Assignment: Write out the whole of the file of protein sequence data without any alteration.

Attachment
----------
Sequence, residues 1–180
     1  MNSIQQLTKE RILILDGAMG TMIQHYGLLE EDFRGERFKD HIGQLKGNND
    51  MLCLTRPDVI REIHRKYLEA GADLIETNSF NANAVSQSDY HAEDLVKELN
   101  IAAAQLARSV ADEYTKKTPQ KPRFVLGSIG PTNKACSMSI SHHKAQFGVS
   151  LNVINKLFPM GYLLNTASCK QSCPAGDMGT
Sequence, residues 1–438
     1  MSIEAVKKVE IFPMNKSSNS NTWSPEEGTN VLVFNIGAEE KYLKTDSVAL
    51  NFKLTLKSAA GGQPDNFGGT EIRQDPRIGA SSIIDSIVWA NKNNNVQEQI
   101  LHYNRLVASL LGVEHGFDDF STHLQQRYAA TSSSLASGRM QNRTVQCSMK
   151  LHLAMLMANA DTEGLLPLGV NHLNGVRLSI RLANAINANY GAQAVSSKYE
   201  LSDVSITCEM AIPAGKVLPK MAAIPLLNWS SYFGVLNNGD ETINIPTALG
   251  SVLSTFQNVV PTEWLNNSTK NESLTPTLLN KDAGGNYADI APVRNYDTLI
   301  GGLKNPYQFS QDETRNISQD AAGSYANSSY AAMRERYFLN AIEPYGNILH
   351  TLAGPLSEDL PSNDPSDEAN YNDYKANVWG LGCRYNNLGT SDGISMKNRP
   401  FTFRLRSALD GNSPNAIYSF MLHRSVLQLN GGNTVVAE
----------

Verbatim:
Sequence, residues 1–180
     1  MNSIQQLTKE RILILDGAMG TMIQHYGLLE EDFRGERFKD HIGQLKGNND
    51  MLCLTRPDVI REIHRKYLEA GADLIETNSF NANAVSQSDY HAEDLVKELN
   101  IAAAQLARSV ADEYTKKTPQ KPRFVLGSIG PTNKACSMSI SHHKAQFGVS
   151  LNVINKLFPM GYLLNTASCK QSCPAGDMGT
Sequence, residues 1–438
     1  MSIEAVKKVE IFPMNKSSNS NTWSPEEGTN VLVFNIGAEE KYLKTDSVAL
    51  NFKLTLKSAA GGQPDNFGGT EIRQDPRIGA SSIIDSIVWA NKNNNVQEQI
   101  LHYNRLVASL LGVEHGFDDF STHLQQRYAA TSSSLASGRM QNRTVQCSMK
   151  LHLAMLMANA DTEGLLPLGV NHLNGVRLSI RLANAINANY GAQAVSSKYE
   201  LSDVSITCEM AIPAGKVLPK MAAIPLLNWS SYFGVLNNGD ETINIPTALG
   251  SVLSTFQNVV PTEWLNNSTK NESLTPTLLN KDAGGNYADI APVRNYDTLI
   301  GGLKNPYQFS QDETRNISQD AAGSYANSSY AAMRERYFLN AIEPYGNILH
   351  TLAGPLSEDL PSNDPSDEAN YNDYKANVWG LGCRYNNLGT SDGISMKNRP
   401  FTFRLRSALD GNSPNAIYSF MLHRSVLQLN GGNTVVAE